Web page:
Jon Ronson, a British journalist, author of So You’ve Been Publicly Shamed. He is also a screenwriter, and radio presenter whose works involve The Men Who Stare at Goats and The Psychopath Test. Ronson is notorious for his investigations of politics and science. He has published nine books and his work has appeared in The Guardian, City Life and Time Out.
Ronson tries to understand the society that rejects people that made a slight mistake in their eyes. He investigates the wonder of online shaming. He has travelled for the past three years meeting public humiliation receivers. People who have made a bad joke on social media, or even made a mistake at work. Once their offense was exposed, they were being torn apart by an angry mob, and sometimes even fired. This book is certainly making people think before posting something online.
This book is intended to a general audience, the language and terminology make of this a relatable text for the public. It talks about the latest generation, and how its involvement with social media has radically increased. Given the subject of this book, it can be considered as open to any reader. The lexicon is adequate to express his point of view clearly. Besides, at some point he recalls some explicit texts that were directed to the interviewed. Those texts emphasize the magnitude of each story, giving the public a more detailed approach. The book can be directed to those who were conscious and somewhat involved in those disputes. It can be addressed as well to the present generation so that they can get some awareness in the matter.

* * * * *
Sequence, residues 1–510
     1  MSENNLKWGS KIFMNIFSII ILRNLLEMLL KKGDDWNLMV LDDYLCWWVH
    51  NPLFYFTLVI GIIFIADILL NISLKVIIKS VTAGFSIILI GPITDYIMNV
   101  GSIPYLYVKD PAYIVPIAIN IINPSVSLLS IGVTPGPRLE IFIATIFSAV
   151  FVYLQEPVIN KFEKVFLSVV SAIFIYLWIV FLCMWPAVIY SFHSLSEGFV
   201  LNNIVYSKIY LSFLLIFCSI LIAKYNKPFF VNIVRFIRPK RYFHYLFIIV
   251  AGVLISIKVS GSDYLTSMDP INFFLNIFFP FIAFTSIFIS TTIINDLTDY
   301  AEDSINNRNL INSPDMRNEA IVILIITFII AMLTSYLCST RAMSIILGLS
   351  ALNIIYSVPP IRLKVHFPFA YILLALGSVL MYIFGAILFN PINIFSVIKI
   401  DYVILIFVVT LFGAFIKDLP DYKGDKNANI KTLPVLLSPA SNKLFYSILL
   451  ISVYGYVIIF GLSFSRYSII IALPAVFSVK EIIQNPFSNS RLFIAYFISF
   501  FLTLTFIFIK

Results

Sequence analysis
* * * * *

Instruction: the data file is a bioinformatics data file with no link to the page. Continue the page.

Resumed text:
In his text, Ronson aims to portray that a generation of public shaming is widespread. The majority was defining the limits of normality by ruining the lives of the offenders. Shame was used as a form of social control. The book is honest about modern life, packed with details about the escalating war on human flaws. A crude joke or comment can induce a public shaming capable of wrecking anyone’s life. His deep research into the world of online shaming raises fear. Ronson argues that the Internet has revived the practice of public humiliation and given it greater reach in recent years.